If you want a guarantee that data can never be recovered, then the ONLY method available to you is to physically destroy the disks.
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3 Weeks Ago   #3
F22 Simpilot

Windows 7 Ultimate x64
 
 

Using encryption after the fact will mean nothing. If you were using encryption with VeraCrypt all the while then a simple format would probably be all that is needed. Add a DOD 3 pass wipe to be sure. But again, encryption is only good for data that is being written to the disk in it usage.

This is why I use FDE (Full Disk Encryption) all the time. My hard drives can be pulled from the machine and the data can never be recovered so long as AES 256 hasn't been broken and no one tortures me out of my 30+ character password that's only committed to memory and only memory. One day I may do a cascade of ciphers of AES 256 and Twofish. You don't want to go beyond that as it will slow your hard drive speed down considerably.

So if your data as was written on the hard drive was never encrypted to begin with, just use a DoD wipe and call it a day. Adding encryption on top of that is useless as that only applies to data being written to the drive.

If you were like me and had deployed encryption from the get go, then a plain format of the HDD is all that's really needed as the file recovery would only recover encrypted data and nothing will come of it. But you could take it up a notch to thort cryptanalysis and wipe the drive with DoD 3 to 7 passes.

In your case, just a DoD 3 pass wipe should be sufficient. If you can't retrieve any pictures, etc after that you know you're good to go.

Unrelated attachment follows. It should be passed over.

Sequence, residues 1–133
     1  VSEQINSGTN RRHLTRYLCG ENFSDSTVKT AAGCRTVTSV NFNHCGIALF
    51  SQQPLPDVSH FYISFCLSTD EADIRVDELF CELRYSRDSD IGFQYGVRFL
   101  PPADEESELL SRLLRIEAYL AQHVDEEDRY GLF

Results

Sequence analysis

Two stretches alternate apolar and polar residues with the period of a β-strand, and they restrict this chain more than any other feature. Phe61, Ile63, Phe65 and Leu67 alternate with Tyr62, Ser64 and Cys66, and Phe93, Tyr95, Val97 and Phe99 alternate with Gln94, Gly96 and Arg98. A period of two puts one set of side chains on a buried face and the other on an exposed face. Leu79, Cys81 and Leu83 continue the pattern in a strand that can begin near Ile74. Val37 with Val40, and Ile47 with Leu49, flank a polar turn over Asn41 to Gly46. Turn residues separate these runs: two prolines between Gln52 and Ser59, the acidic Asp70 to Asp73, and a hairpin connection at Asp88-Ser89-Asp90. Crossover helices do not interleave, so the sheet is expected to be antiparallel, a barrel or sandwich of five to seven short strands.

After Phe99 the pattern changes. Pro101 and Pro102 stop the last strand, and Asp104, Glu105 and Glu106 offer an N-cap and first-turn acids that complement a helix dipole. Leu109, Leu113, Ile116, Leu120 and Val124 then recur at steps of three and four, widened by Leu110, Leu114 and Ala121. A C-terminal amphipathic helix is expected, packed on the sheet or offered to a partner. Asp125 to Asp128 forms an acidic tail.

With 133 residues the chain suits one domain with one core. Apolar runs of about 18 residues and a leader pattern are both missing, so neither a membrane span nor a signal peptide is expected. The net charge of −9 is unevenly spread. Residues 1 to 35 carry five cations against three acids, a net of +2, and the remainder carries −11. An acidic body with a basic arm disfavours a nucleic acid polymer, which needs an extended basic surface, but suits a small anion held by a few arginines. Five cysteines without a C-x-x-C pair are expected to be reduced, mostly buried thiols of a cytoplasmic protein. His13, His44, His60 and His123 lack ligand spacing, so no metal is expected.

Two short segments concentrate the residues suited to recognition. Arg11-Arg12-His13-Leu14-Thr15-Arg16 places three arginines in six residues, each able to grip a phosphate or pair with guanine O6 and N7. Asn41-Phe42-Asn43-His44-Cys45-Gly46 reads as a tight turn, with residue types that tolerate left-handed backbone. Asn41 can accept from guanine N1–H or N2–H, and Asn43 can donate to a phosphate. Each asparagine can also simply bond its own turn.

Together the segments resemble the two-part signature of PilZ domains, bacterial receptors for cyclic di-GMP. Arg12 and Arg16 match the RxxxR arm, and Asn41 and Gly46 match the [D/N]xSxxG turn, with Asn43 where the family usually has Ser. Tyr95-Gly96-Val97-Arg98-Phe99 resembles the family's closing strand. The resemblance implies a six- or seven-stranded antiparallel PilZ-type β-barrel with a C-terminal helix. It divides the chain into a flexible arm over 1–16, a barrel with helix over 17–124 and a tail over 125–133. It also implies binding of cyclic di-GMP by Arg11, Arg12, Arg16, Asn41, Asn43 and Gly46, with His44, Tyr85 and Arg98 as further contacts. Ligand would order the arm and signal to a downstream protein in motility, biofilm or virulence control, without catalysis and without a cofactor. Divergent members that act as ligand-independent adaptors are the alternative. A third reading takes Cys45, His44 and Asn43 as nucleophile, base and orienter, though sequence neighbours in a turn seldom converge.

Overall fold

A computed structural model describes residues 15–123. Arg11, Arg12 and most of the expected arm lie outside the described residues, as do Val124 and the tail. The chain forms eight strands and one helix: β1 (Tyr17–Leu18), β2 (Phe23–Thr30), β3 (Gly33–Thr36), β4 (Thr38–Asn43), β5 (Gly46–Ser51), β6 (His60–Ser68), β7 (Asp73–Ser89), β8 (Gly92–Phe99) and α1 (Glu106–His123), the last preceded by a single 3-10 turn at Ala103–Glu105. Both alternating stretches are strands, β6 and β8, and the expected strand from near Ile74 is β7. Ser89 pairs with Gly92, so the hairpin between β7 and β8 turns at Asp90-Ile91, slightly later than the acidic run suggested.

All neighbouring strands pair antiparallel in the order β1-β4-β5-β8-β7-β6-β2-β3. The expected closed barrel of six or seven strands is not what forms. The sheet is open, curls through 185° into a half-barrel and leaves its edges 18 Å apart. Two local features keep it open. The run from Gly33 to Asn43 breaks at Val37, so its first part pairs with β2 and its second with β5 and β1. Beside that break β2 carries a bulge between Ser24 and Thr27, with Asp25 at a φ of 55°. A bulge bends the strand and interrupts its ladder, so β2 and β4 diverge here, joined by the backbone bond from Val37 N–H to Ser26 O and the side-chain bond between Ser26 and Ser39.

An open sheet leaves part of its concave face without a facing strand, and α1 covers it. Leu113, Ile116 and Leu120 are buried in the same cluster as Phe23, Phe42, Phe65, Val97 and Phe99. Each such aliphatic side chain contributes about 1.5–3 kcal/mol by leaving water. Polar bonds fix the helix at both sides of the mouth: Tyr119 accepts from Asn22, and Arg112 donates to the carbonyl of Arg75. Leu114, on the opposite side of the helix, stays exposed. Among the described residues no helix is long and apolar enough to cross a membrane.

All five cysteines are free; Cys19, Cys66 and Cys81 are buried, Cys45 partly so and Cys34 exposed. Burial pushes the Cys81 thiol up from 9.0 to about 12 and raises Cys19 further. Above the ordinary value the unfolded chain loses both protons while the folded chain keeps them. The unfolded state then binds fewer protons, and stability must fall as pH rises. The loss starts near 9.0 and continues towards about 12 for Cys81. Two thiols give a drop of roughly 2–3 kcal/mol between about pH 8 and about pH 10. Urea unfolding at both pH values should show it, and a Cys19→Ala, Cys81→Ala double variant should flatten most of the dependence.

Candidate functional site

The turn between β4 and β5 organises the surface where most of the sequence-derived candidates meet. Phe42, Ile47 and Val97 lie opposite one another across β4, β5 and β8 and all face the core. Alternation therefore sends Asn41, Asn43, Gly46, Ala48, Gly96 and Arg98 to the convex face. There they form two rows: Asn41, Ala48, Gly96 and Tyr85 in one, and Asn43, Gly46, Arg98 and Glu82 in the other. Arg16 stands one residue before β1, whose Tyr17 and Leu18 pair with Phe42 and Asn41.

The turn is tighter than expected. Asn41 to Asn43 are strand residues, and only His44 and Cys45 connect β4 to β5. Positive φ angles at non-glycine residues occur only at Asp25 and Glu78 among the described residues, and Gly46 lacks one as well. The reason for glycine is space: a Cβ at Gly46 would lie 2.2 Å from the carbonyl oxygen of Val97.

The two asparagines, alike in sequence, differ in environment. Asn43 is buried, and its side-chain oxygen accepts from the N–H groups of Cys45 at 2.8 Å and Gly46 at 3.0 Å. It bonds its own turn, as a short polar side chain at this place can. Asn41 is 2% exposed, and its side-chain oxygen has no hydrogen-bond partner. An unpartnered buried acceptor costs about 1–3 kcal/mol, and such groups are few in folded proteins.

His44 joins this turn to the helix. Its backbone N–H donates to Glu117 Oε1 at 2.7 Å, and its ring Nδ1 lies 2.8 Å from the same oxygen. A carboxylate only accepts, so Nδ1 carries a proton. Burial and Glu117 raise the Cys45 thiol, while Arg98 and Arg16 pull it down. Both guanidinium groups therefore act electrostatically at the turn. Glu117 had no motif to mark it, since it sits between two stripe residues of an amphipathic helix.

Have a look here on all the recovery software you can try: Search for freeware and shareware at SnapFiles
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3 Weeks Ago   #4
F22 Simpilot

Windows 7 Ultimate x64
 
 

There is a very expensive machine sold on Amazon that degausses a hard drive and that is what the government uses. You could try buying some very rare earth magnets on eBay that have like a 30 pound weight capacity. But to use those you need to open the drive and run that magnet over each platter I'm sure. So it's destructive. Also, rare earth magnets are VERY dangerous and can break fingers. Anyone looking into this be warned.

Interesting to note, I know of a trick using a rare earth magnet to open a safe. LOL

Edit-

Looking at Amazon, I see many products that pretty much do what DBAN already does for free. But if you want to go federal level, this is what you want
: Robot Check
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3 Weeks Ago   #5
dg1261

Windows 7/8.1/10 multiboot
 
 

Quote   Quote: Originally Posted by sevenuser9 View Post
If I reinstall Windows 7 on the hard drives and then install VeraCrypt, wouldn't that be a virtually guaranteed way to prevent hackers from gaining access to any data that might still be lurking on the drives?